Minnesota dentist won't be charged in lion killing

Minnesota dentist Walter Palmer became the subject of public outrage after killing the beloved Cecil the Lion this July, and Zimbabwe's environment minister announced Monday he won’t be charged and Zimbabwe officials are no longer calling for his extradition.

He can now return to Zimbabwe as a "tourist" because he had not broken any of the country's hunting laws, Environment, Water and Climate Minister Oppah Muchinguri-Kashiri said, the Associated Press reported. Zimbabwe's police and the National Prosecuting Authority had cleared Palmer of wrongdoing, she said. 

Palmer was met by a barrage of protesters as he finally returned to work at his Bloomington, Minn. dental practice on Sept. 8. He has said he relied on his paid, licensed guides in what he thought was a fully-legal hunt. Palmer also said he was open to speaking with authorities as part of the two-continent investigation. He said in September he felt safe to return to work and had the support of his staff and patients, but he didn’t say where he has been for the last 6 weeks, nor did he disclose the security measures he’s taken for himself or his family.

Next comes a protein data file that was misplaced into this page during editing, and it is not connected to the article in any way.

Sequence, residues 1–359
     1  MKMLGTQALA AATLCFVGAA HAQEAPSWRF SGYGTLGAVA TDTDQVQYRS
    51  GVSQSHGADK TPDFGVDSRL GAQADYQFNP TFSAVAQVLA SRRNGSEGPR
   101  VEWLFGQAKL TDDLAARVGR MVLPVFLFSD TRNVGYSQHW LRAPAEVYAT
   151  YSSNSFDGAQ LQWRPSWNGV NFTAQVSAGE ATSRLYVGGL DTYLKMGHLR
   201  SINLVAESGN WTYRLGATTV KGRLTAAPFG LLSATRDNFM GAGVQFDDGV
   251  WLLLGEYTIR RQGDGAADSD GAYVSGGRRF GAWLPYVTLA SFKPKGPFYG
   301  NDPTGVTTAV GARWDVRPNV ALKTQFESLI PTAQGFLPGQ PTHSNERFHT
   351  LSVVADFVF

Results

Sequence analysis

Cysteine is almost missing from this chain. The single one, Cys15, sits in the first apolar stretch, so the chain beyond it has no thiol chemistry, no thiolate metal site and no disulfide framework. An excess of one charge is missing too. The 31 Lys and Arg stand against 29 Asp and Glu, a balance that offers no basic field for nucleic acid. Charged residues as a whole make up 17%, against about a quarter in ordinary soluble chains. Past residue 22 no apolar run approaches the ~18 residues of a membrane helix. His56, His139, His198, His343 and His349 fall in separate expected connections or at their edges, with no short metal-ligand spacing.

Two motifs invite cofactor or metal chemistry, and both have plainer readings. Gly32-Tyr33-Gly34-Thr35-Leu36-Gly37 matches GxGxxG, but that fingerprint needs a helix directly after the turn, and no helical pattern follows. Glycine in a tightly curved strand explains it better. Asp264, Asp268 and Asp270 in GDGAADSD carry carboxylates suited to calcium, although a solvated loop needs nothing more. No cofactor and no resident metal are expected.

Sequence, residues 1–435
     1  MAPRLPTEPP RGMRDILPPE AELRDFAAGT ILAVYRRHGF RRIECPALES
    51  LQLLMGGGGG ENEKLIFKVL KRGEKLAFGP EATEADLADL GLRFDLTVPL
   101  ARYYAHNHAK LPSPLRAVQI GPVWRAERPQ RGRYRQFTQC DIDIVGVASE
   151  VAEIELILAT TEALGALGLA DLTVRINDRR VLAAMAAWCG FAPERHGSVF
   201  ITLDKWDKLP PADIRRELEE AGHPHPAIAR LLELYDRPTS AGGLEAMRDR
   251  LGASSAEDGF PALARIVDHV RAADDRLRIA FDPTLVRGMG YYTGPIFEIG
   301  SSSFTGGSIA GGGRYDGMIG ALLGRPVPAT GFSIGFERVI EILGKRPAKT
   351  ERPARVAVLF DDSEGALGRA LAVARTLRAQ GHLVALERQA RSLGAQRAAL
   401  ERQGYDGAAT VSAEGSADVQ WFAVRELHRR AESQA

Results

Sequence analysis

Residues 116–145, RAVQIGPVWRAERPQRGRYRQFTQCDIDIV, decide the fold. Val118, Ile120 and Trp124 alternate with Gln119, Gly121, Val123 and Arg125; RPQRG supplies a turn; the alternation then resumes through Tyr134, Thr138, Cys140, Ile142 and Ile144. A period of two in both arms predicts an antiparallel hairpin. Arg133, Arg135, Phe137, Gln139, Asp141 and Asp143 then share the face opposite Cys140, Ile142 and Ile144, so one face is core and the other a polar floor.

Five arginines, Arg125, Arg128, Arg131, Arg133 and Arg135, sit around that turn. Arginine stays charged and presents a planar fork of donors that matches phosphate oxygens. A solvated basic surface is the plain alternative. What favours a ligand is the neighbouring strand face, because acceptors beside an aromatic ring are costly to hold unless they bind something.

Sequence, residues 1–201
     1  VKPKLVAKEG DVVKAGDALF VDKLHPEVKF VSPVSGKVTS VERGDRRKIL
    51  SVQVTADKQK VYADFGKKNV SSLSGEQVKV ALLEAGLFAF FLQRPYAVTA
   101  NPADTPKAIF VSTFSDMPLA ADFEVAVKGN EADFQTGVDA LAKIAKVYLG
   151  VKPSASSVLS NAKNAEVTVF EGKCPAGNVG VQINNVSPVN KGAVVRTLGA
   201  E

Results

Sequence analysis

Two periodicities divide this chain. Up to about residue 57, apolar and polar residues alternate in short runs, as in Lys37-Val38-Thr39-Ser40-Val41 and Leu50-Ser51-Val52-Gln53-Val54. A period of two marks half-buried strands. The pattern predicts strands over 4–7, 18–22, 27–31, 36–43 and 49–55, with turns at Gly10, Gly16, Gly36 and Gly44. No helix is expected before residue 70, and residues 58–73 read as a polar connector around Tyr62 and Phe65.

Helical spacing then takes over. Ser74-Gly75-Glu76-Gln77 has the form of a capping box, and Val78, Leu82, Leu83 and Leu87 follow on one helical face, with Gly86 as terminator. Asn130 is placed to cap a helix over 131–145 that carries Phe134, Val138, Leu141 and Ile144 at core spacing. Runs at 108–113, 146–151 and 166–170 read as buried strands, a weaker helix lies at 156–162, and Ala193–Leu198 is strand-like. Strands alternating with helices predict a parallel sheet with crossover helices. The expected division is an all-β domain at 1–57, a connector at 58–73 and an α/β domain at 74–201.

Professional hunter Theo Bronkhorst, who helped Palmer shoot and kill the lion, has been charged for allowing an illegal hunt, and has pleaded not guilty. He said he had never heard of the lion before the incident, and contended had it been "any other lion," there would have been no public outcry.

Palmer paid reportedly $50,000 to kill the 13-year-old lion in early July outside the confines of the park after hunters had apparently removed and tried to destroy Cecil's collar, which was fitted with GPS collar as part of research for Oxford University. Palmer said he shot the lion using an arrow from a compound bow, but it didn’t die right away. Cecil reportedly was killed with a gun after 40 hours, but Palmer said the lion was tracked down the next day and killed with an arrow.